Healthy lifestyles help in Hong Kong cancer fight
- An ageing society means it is only natural that more people will come down with the disease and, despite the latest medical measures, it is up to us all to avoid harmful habits and achieve a better work-life balance
Projections of exponential growth in cancer cases amid a rapidly ageing society such as Hong Kong may sound alarmist. The city is, after all, among the top in terms of life expectancy but, if the trend over the past decade is any guide, a precautionary warning of the potential burden to society makes sense. The message is clear – do whatever we can to avoid such a scenario or be prepared for the adverse consequences: overloaded hospitals, astronomical medical spending and ever-growing demand for health care professionals.
That more people have been diagnosed with colorectal, breast and lung cancers in recent years is just a fact we have to live with. According to the Hong Kong Cancer Registry, a record 31,468 new cases emerged in 2016, up 1,150 from the previous year. Taking into account demographic changes and trends, the number of new cases may jump two-fifths, or 40 per cent, by 2030.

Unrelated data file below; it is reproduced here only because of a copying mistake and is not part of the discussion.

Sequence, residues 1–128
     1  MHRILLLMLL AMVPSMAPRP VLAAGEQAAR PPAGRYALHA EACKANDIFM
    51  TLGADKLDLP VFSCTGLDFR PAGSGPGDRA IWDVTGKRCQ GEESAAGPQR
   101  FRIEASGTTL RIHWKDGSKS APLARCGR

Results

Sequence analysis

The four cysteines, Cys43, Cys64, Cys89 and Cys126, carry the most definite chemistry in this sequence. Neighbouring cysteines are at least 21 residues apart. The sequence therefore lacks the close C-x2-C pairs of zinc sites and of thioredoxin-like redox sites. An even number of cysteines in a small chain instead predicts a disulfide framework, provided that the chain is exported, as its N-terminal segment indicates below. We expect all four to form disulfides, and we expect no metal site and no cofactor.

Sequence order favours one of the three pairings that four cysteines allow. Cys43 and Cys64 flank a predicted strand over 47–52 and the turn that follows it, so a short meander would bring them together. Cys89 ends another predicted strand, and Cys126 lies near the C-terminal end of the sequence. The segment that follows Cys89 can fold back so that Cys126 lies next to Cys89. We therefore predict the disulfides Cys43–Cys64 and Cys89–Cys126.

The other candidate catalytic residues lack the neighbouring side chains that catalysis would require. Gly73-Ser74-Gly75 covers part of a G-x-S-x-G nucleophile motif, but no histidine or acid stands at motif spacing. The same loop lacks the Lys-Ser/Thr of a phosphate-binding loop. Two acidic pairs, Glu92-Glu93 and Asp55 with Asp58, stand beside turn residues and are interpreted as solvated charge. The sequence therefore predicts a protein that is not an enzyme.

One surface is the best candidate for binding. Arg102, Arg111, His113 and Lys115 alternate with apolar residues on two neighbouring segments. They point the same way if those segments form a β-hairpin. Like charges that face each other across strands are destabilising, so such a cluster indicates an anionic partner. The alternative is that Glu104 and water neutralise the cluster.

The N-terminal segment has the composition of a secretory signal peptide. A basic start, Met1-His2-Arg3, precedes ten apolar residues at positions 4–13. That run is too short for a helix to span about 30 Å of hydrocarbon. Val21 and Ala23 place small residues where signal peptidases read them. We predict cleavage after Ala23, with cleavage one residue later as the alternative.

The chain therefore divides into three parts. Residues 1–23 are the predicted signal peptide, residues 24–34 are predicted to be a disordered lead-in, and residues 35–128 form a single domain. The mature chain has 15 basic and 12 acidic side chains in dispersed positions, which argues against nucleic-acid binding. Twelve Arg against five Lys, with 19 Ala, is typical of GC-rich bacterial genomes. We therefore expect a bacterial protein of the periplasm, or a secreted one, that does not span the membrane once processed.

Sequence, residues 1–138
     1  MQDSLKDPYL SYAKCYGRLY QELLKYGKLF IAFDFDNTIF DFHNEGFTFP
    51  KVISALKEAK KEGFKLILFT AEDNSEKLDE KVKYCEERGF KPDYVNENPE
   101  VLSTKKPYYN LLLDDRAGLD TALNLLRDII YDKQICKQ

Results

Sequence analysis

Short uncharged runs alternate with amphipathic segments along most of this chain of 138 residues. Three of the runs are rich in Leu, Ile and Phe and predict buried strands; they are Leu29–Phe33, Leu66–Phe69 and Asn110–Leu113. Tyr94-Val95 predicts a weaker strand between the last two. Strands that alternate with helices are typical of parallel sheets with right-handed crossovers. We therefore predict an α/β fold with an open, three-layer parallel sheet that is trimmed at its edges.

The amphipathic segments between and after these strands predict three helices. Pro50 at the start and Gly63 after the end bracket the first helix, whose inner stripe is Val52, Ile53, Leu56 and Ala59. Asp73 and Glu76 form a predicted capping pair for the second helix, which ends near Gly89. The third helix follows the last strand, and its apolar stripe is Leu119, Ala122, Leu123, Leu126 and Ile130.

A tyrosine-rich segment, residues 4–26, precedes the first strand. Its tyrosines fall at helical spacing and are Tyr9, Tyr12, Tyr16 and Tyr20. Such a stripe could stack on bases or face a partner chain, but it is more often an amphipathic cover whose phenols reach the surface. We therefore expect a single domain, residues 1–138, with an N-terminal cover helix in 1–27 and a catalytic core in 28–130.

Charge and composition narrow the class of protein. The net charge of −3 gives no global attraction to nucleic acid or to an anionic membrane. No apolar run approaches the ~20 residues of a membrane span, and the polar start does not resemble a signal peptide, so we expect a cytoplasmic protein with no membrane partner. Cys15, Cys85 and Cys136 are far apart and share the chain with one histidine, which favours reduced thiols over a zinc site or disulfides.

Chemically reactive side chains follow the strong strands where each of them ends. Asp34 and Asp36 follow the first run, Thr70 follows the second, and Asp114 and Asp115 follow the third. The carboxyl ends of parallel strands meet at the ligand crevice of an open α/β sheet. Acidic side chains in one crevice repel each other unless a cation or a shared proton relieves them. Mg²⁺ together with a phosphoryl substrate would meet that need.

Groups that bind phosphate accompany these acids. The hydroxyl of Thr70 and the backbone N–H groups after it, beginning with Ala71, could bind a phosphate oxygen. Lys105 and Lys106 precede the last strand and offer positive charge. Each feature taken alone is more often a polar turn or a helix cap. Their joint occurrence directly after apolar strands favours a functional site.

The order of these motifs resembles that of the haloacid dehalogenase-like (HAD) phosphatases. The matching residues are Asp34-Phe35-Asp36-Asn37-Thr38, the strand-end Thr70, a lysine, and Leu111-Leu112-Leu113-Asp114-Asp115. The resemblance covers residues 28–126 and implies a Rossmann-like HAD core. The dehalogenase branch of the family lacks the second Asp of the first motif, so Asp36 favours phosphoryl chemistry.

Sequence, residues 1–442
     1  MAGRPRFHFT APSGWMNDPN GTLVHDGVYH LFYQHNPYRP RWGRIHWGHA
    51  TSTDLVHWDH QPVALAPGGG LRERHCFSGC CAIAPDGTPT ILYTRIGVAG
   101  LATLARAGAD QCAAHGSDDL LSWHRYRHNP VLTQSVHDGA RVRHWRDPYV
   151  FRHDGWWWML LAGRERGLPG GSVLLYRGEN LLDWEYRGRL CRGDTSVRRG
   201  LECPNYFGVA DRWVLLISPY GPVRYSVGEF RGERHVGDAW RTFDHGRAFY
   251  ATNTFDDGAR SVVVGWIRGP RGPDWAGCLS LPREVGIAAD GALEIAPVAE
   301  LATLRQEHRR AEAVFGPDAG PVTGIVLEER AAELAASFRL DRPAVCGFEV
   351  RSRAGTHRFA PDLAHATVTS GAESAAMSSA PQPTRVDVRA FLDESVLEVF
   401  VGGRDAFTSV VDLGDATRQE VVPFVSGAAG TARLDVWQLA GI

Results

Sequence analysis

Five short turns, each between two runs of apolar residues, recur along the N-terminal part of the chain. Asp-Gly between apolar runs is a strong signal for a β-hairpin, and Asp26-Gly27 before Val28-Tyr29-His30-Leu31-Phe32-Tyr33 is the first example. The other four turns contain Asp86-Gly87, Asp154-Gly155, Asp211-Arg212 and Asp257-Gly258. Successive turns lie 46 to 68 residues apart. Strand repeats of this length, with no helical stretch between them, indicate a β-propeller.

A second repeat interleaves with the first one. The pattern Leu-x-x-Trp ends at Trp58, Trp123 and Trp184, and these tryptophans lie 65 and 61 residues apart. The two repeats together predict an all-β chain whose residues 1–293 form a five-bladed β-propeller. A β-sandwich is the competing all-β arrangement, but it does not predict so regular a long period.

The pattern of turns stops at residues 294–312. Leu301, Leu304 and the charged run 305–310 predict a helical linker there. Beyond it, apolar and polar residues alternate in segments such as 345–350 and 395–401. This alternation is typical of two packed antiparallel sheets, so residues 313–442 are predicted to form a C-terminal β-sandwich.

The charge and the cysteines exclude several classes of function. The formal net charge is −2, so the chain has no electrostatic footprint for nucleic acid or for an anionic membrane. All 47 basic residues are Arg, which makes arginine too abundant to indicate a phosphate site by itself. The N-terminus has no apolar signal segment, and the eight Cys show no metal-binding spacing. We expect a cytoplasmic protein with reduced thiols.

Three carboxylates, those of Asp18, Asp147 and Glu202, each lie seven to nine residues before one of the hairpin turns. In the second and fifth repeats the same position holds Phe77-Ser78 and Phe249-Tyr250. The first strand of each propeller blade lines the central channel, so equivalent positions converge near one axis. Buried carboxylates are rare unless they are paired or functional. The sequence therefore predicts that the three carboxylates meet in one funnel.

With one in three people aged 65 or above by 2043, it seems only natural more people will come down with cancer or some other disease. But it need not be the case if we start a healthy lifestyle today. Indeed, many cancers are preventable with healthier diets and exercise, along with regular physical check-ups and medication.
It is good that the government has stepped up efforts regarding the latter. Universal screening for specific age groups is being carried out to help reduce colon cancer, as are studies on whether to do the same for breast cancer. Separately, harmful habits such as smoking and underage drinking are being tackled with tougher measures.
Welcome as they are, policies and measures alone will not help unless individual citizens take their health seriously. It pays to maintain a healthy lifestyle such as avoiding fast food and exercising regularly. This is easier said than done, though. The city’s obsession with success and reward means work-life balance is still an afterthought for many. Life for children is just as stressful under our oppressive education system. Even if we live longer, we may not necessarily live healthier.
Alarmist or not, the projection comes as a timely prescription for more concerted efforts to prepare for the future. Ageing is inevitable; but cancer is preventable.